“Hope Versus Reality”: Goldman Illustrates The Trump Trade Fade

As we get set to usher in Q2, the only question anyone truly cares about is this: “does the failure to repeal and replace Obamacare presage trouble ahead with regard to tax reform and fiscal stimulus?”

According to Goldman’s latest, out moments ago, investors fall into two camps with regard to that question. To wit:

This week the market struggled to readjust its expectations for US government policy following the move away from health care reform. Client conversations make clear that investors fall into two camps: The first group worries that the failure to “repeal and replace” the Affordable Care Act is a sign that other items on the policy agenda are less likely to be enacted than they had hoped. Others are encouraged about the shift in focus to tax reform as the new top priority for the administration.

That’s a reflection of something we talked about earlier this week. Namely that some folks are inclined to take a “glass half-full” approach here. In terms of the sell-side, BofAML even went so far as to say that the health care debacle was “the best thing to happen to Trump trades since the inauguration.”

Well, irrespective of which camp you happen to be in, the simple fact of the matter is that trades which would benefit from tax reform and stimulus have been faded – and in some cases faded ‘bigly.’ This is something you need to be acutely aware of and given that, we present the following brief excerpts from the Goldman note cited above.

Via Goldman

Investors weigh policy versus growth as the market shifts from political hope to reality

Even more than the modest decline at the market level, performance below the surface highlights a moderation of investor policy optimism. Our basket of S&P 500 stocks with the highest effective tax rates — the most likely beneficiaries of potential tax reform — has unwound all of its sharp post-election gains in the last two months. Similarly, small-caps, which rallied by 16% in the month post-election on hopes of faster growth, lower taxes, and less regulation, have lagged the S&P 500 by 390 basis points this year (+6% vs. +2%). Both the tax basket and small-caps rebounded this week.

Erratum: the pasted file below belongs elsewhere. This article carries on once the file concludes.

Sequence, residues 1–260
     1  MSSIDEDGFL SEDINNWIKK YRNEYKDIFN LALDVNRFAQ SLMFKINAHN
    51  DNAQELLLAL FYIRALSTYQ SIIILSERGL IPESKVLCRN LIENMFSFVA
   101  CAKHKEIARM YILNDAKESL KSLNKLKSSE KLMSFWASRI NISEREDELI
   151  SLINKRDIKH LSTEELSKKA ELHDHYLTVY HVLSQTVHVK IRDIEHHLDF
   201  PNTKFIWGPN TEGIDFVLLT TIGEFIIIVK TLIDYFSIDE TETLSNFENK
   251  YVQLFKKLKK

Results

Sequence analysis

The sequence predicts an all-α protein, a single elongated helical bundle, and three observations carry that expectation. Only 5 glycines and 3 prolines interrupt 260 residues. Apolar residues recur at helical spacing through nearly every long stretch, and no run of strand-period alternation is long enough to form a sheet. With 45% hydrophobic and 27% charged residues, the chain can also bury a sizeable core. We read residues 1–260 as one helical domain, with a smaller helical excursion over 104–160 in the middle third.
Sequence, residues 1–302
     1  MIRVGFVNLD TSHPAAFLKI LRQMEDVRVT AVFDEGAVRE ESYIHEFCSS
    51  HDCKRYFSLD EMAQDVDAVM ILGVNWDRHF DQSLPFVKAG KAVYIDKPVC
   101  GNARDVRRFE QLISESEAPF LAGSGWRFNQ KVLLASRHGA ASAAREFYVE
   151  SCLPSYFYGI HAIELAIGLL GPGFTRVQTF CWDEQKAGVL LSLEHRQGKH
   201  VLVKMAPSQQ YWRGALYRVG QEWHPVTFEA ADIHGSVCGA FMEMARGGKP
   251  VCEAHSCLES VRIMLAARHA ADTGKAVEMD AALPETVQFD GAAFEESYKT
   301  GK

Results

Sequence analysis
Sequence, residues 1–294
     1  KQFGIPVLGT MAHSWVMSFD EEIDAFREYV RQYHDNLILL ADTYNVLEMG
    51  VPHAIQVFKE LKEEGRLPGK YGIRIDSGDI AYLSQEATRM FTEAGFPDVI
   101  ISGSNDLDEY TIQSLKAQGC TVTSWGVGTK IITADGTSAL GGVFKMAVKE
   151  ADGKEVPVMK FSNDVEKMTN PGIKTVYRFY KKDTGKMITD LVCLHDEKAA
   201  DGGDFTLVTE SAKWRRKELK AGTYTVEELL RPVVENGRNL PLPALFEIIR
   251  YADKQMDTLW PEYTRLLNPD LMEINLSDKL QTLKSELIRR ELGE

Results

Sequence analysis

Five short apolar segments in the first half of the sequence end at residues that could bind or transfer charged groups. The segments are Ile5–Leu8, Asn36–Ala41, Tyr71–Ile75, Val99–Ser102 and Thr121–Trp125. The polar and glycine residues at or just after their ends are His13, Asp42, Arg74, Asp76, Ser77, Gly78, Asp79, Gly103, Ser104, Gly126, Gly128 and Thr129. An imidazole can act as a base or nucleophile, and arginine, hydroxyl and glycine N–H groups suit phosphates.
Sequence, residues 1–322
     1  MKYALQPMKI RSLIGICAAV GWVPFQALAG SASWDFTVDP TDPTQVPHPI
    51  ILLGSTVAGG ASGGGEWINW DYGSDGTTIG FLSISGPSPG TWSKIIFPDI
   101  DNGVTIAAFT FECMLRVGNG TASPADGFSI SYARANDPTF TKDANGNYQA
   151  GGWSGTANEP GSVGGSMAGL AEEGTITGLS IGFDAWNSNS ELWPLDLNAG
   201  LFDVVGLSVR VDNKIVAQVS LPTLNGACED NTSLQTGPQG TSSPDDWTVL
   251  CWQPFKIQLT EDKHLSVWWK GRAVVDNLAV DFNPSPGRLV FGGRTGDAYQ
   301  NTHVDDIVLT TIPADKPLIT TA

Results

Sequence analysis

Infrastructure beneficiaries have also retreated, but remain above their pre-election levels, and well above levels before both candidates advocated increased spending on the 2016 campaign trail. Despite their 10% decline in the last two months, Construction Materials stocks trade at a 28x forward P/E multiple and remain 20% above their prices one year ago.

Skeptical investors have also withdrawn most of the “deregulation premium” from the share prices of banks stocks and other financials. Hopes for less regulation, which our Banks analysts estimate could boost their 2018 earnings estimates by nearly 20%, lifted share prices more than 10% higher than justified by the rise in Treasury yields. This deregulation premium has collapsed sharply in the last two weeks (Exhibit 2).


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